I led them in. They took their seats, each one of them bearing a solemn face, but I remained standing. “My Lords,” I began, “you have reached a decision upon which you are all agreed?”
Malaguin inclined his head and said simply, “Yes, Lord Ulfius, we have.”
“One of which you are all agreed? Every one of you?”
“Yes. We are unanimous.”
I took a deep breath. “Then may we please have …  ”
And that was when Myrddin entered.
As agreed,  Afer called out loudly, “Lord, I tried ... ”
I waved him silent and spoke to the sorcerer. “Myrddin? What brings you here where you have no business?”
He ambled forward. Behind him Gahen and one other followed.

CONNECT WITH  Richard Tearle

2nd June  Annie Whitehead and her character, King Penda
3rd June  JJ Toner and his character, Ruth
4th June  Richard Dee and his character, Andora Pett
5th June  Richard Tearle and his character, Ulfus
6th June  Anna Belfrage and her character, Jason
7th June  Cryssa Bazos and her character, Iain Johnstone
8th June  Susan Appleyard and her character, King Richard III

9th June   Alison Morton and her character Conradus Mitelus

Novel Conversations, in conjunction with Indie BRAG appears on Helen Hollick's Blog Let Us Talk of Many Things on the first Friday of every month, showcasing a variety of Indie authors and their characters


  1. Thank you Helen and Richard (and Ulfus)for another great interview. Good luck with the novel, Richard. I've shared this to Facebook and MeWe. Richard Dee.

  2. Thank you so much, Richard - greatly appreciated indeed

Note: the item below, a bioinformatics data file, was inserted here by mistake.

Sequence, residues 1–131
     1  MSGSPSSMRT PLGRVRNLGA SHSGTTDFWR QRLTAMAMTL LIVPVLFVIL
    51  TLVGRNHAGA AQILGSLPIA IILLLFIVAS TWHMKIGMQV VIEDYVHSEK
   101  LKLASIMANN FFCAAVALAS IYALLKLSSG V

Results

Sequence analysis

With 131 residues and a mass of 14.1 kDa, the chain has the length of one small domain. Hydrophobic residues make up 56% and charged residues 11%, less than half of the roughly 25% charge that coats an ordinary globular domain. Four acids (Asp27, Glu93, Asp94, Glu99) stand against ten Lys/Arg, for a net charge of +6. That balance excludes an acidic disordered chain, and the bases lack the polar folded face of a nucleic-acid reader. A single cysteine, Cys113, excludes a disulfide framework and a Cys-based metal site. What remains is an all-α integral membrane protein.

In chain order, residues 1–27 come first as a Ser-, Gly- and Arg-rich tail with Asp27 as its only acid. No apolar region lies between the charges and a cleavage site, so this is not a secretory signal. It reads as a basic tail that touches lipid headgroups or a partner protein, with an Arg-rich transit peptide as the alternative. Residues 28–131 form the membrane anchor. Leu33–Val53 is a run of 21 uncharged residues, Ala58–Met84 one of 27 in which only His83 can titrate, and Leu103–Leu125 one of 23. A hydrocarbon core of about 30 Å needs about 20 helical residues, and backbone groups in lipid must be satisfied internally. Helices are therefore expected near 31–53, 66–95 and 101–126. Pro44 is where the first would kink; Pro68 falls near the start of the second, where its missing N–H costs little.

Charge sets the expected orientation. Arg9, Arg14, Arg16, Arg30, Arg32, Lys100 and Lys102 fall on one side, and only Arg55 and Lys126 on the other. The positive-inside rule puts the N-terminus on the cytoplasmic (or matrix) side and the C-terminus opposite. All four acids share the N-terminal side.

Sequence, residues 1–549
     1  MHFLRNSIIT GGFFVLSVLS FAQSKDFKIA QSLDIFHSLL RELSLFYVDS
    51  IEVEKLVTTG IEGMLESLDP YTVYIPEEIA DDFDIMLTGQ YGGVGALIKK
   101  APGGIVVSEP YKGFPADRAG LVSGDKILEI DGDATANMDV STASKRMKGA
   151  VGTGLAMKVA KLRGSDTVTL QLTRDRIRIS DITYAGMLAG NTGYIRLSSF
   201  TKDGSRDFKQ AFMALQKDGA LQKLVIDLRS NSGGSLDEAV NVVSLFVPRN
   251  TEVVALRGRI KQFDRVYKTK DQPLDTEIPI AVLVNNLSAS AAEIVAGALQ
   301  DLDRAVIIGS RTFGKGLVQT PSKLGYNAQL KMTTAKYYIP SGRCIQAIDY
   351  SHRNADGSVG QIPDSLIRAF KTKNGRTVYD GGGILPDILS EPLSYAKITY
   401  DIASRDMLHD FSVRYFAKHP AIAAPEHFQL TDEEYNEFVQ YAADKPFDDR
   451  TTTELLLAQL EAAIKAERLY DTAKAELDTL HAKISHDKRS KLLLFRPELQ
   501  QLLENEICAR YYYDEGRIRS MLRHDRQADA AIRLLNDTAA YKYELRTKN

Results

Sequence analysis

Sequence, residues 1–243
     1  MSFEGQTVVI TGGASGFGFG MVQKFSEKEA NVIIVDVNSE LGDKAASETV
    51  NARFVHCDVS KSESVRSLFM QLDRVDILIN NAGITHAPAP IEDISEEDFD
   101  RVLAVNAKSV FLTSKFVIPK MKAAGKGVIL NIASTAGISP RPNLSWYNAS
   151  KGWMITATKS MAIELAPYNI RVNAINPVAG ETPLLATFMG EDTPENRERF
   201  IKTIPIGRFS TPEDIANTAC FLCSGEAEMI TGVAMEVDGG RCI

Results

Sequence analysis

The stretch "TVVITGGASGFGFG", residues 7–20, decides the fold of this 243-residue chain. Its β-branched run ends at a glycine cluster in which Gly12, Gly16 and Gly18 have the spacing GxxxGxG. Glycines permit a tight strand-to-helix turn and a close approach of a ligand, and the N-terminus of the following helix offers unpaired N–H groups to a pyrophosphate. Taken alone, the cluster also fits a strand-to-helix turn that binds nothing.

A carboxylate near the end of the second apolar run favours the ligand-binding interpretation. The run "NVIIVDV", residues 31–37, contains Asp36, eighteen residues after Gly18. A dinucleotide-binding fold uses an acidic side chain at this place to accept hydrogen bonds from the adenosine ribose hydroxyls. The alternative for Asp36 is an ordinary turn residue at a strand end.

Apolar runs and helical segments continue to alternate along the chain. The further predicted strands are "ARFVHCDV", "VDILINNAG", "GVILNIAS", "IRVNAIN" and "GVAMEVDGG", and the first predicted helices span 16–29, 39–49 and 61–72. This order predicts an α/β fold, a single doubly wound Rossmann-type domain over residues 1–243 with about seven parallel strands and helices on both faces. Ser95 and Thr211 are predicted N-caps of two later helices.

3. Ooh, I'm liking the sound of Ulfius. What a wonderful excerpt, too. It just made me want to read on. What are Arthur and Myrddin going to do to upset the applecart??

  4. Thank you, Annie! One day, I hope, all will be revealed!!!!

  5. Oooo! I like this! Arthur as a non-entirely-great-guy, hey? I wish you a speedy route to publication Richard - you have many indie friends who would be glad to advice you!

  6. Oh, thank you Anna; I must put myself about more!

  7. Really enjoyed the excerpt! great premise too! Looking forward to reading it all!

  8. Thank you Cryssa - I do hope that one day you will be able to!

  9. Angela MacRae Shanks6 June 2019 at 20:17

    Richard, I love the idea behind this story. I hope you will manage to get it published soon. I'm super intrigued. I'm a big fan of Arthurian legend, but don't know too much about Uther. I'd like to read more of your writing and more of this story. Brilliant!

  10. Thank you Angela!! Not much is known about Uther (even if he existed) and usually what is known doesn't do him any favours!

  11. I really enjoyed your excerpt, Richard. Pluck up your courage and publish. Once you've taken those first few steps, it starts to get a little easier.
    Lots of luck with your books.

  12. Thank you so much Loretta - all of this encouragement is so heartening!